Saturday, March 2, 2013

Sepia Saturday: Women in the factories


Box, women in white dresses, factories - all possible ideas to build on from this week's theme photo for Sepia Saturday. I've looked at my own photos and came up with nothing, so I've gone to The Commons and   come up with a couple of photos I think are relevant.

The first is a lady in a white coat, working indoors (but not in a factory). The second is of one of the army of women who worked in factories during WW2 (many of whom had to give up their jobs to returning servicemen after the war).

Woman using microscope, St Lukes Hospital, US Insustrial Alcohol Company. Photographer: Robert Yarnell, 1938 . Source: Southern Methodist University, Central University Libraries, DeGolyer Library. The Commons.
Woman welding for the Saint John River Shipbuilding Company, Jacksonville, Florida, c1943. Source: State Library and Archives of Florida. The Commons.

15 comments:

  1. Women are clever, they can do any job or profession
    when they had or have the chance of a good education. Countries who still today deny girls an education lose out in a very big way. Spending money on Education should be number one for any Government. Sadly most money goes into the military war armaments.

    ReplyDelete
  2. A nice tribute to women in the work force, and perfect timing too with March being Women's History Month.

    ReplyDelete
  3. Nice contrast of gazes, that second one is certainly steady. Happily it is not as unusual for women to be shipbuilding welders nowadays.

    ReplyDelete
  4. These are spelndid photographs you've chosen for us and I agree with Wendy - a nice tribute!

    ReplyDelete
  5. Oh yes, this is a nice reflection of those hard working woman in our days gone by!

    ReplyDelete
  6. Good job that the woman in the second picture isn't actually welding - it looks much more like a cutting torch. In any case she should have her eye protection mask down.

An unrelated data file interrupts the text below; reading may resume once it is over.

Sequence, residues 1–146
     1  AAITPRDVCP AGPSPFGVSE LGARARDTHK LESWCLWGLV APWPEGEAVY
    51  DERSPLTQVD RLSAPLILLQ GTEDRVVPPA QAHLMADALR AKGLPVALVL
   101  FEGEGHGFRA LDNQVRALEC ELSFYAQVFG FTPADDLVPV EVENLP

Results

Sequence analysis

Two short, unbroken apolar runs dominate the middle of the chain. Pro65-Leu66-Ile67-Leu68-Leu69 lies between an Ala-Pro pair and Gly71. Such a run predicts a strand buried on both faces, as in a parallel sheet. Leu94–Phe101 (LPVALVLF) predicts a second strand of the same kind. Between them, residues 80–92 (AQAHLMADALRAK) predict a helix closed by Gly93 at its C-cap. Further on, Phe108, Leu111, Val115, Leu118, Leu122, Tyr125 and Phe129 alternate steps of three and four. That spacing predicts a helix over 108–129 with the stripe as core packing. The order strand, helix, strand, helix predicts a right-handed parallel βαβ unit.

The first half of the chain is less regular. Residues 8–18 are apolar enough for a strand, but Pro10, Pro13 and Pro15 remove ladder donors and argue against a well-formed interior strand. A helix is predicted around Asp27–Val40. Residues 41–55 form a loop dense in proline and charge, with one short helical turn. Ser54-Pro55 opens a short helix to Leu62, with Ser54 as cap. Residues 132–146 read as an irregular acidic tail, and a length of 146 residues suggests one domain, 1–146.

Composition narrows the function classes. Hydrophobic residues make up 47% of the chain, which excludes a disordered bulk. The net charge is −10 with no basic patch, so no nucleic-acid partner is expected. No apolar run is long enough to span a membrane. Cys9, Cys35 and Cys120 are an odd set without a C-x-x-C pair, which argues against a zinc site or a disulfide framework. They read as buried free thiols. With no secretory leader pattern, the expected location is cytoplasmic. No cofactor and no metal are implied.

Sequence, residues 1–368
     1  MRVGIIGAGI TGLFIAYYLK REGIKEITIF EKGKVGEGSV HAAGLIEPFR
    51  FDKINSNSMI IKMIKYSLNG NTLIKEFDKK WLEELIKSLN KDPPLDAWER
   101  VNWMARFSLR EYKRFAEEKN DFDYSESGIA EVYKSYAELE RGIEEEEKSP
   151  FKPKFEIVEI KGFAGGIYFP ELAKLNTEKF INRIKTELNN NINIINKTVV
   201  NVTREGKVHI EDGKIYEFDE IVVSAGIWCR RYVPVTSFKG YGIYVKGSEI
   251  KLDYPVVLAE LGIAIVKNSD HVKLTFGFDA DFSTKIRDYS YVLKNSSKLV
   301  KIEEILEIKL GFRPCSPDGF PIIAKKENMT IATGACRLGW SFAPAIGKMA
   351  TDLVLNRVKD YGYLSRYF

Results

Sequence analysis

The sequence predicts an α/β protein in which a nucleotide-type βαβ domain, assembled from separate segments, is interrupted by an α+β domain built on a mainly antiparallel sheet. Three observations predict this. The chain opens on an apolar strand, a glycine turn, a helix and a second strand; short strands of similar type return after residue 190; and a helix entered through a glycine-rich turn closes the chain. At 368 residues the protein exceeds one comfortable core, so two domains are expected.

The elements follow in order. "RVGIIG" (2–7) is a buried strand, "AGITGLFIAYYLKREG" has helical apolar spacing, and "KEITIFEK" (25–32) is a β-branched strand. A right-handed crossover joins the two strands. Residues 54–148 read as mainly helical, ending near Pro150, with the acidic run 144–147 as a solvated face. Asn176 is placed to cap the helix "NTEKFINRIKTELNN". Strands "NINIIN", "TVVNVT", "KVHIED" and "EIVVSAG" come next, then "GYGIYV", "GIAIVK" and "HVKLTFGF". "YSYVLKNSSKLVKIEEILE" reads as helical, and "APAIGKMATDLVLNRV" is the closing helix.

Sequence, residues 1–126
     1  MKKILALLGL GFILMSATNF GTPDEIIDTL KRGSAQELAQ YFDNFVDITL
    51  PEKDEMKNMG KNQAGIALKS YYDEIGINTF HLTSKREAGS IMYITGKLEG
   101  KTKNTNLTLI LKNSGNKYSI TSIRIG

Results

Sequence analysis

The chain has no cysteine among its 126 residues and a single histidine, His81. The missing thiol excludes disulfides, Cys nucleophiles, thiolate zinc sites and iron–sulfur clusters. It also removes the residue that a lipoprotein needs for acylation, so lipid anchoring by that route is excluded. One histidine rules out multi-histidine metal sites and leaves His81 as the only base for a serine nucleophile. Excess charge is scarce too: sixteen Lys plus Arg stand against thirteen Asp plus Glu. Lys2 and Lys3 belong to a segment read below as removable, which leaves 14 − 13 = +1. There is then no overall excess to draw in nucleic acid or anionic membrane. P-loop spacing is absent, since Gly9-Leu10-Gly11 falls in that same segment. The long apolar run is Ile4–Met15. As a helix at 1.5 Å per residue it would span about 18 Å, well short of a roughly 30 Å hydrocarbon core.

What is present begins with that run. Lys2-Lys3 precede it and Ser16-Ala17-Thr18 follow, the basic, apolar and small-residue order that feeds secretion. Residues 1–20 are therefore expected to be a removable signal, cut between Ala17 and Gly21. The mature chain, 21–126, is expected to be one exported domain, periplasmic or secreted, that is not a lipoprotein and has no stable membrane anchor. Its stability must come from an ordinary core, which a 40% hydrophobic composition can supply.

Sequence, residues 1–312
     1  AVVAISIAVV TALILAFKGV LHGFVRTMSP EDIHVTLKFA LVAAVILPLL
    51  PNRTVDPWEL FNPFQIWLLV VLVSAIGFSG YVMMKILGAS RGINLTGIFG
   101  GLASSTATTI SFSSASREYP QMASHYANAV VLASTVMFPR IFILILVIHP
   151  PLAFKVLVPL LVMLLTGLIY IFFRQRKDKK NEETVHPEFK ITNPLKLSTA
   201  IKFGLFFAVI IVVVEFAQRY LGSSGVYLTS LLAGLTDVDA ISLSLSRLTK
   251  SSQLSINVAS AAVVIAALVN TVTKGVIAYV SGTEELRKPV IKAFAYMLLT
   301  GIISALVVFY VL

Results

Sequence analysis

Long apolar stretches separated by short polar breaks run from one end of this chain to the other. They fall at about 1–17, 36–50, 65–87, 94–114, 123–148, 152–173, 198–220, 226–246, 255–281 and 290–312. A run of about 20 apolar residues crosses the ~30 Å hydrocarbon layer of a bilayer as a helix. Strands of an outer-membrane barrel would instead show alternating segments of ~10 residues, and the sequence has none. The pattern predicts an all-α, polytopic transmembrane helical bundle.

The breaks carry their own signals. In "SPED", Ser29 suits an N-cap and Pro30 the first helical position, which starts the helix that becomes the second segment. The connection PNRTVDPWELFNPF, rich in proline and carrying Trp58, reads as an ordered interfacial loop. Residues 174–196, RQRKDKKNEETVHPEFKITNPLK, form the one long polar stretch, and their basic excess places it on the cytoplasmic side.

ReplyDelete
  7. Those are two totally different jobs, but the photos don't look very different. I guess that's because both women were posing with the tools of their trade.

    ReplyDelete
  8. Great choices! Certainly lots of boxes in that first photo!

    ReplyDelete
  9. It's seems wrong now that after having shown that they could do the job, they lost them at the end of the war, but it's all too easy to judge those days from the viewpoint of our own time.

    ReplyDelete
  10. Both splendid photographs. You suspect that the first one is posed, there is something a little too neat and considered about the shot. The second one is far more realistic, you can almost feel the heat of the torch.

    ReplyDelete
  11. Interesting photos. I too picked up the working woman theme.

    ReplyDelete
  12. It looks a bit like a publicity shot - possibly the factory wanted to emphasize how they employed women. They chose a pretty one for the shot. Or am I being cynical?

    ReplyDelete
  13. I seldom see old photos of women doing a man's job like the one on the second photo. Nice take on the prompt.

    ReplyDelete
  14. Yes,possibly the only good thing about Wars are the need to encourage women out of the home & into the work place.

    ReplyDelete

I love to read your comments. Thankyou for your interest.

Lorraine